Guest Commentary

Guest commentary: Higher minimum wage helps the neediest workers

Protesters at The Paseo and 63rd Street joined hundreds of workers from the fast-food, child and elder care, education and other low-wage industries who participated in Fight for $15 rallies Tuesday, Nov. 29, 2016 in more than 300 cities across the country.
Protesters at The Paseo and 63rd Street joined hundreds of workers from the fast-food, child and elder care, education and other low-wage industries who participated in Fight for $15 rallies Tuesday, Nov. 29, 2016 in more than 300 cities across the country. jtoyoshiba@kcstar.com

People in the political world often refer to state and local governments as “laboratories of democracy.” The idea is that policies can be tested in different parts of the country, and we get to see how they work out.

For this to work, state and local governments need a certain amount of freedom and autonomy. In my experience, the biggest supporters of this approach to governing are Republicans who say they want the federal government to leave states alone.

The conversation around the minimum wage should be the perfect example of this. Currently, 29 of the 50 states have exercised their autonomy and set a minimum wage that is higher than the federal minimum of $7.25 an hour. And dozens of cities have done the same locally. Take Missouri’s deep-red neighbor Nebraska, for example. At $9 an hour it has the highest minimum wage of any neighboring state — yet notably also has the lowest unemployment rate of any neighboring state at 3 percent.

Interestingly, many states with the lowest unemployment rate are states with a higher minimum wage, including lowest-in-the-nation Colorado, with 2.3 percent unemployment and a $9.30 an hour minimum. At the local level, the city of Seattle, which famously went to a $15 an hour minimum, is enjoying a 2.9 percent unemployment rate.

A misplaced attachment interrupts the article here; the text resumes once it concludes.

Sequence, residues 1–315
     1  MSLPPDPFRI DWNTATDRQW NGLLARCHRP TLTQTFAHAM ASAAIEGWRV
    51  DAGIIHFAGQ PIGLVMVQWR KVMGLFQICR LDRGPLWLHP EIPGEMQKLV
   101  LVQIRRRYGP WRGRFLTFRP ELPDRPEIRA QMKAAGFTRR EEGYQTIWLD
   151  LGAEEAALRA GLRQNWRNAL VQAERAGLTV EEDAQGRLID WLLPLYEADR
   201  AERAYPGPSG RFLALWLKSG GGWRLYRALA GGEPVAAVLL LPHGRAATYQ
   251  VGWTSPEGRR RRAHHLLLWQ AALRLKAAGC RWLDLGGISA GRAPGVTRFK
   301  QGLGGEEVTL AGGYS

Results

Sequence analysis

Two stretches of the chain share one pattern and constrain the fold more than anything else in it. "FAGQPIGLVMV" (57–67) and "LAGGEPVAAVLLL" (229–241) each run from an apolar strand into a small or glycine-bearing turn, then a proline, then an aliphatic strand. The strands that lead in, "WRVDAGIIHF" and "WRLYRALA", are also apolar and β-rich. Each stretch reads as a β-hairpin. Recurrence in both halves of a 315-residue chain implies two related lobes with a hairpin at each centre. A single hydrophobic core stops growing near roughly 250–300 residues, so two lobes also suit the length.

Of course, there are many factors that go into the overall economy, and minimum wage policy is just one. But what the “laboratories” tend to prove wrong, at the very least, are dire predictions that increasing the minimum wage will lead to shuttered businesses and massive job losses. Time and again, real facts from the real world prove that theory wrong.

What we do know for sure is that more than 80 percent of workers earning at or near the minimum wage are adults. They’re parents — often working two jobs — trying to support their family. They’re seniors struggling to get by. There are tens of millions of low wage jobs in America, and most are being done every day by hardworking American adults.

A few weeks ago workers in St. Louis got a raise to $10 an hour. The increase was voted on by the democratically elected leaders of the city and then upheld in court. It was truly an amazing, life-changing and unforgettable day for tens of thousands of our fellow Missourians.

The only thing state politicians had to do for them to keep their higher-paying jobs was … absolutely nothing. Simply put their own local control rhetoric into practice and allow democracy to work. Unfortunately, they chose instead to go out of their way to literally — and undeniably — lower people’s wages.

If Gov. Eric Greitens fails to veto HB 1194, then on Aug. 28 — nearly four months after receiving a badly needed, life-changing raise — tens of thousands of people will see their pay cut dramatically. That day will be just as unforgettable for them as the day they got the raise, only this time it’ll be because of the utter devastation it causes their families.

The good news? It doesn’t have to happen. Gov. Greitens: Stand up for people who work for a living. Veto the bill.

Jon Carpenter is a lifelong Kansas Citian who represents Missouri's District 15 in the House of Representatives.

  Comments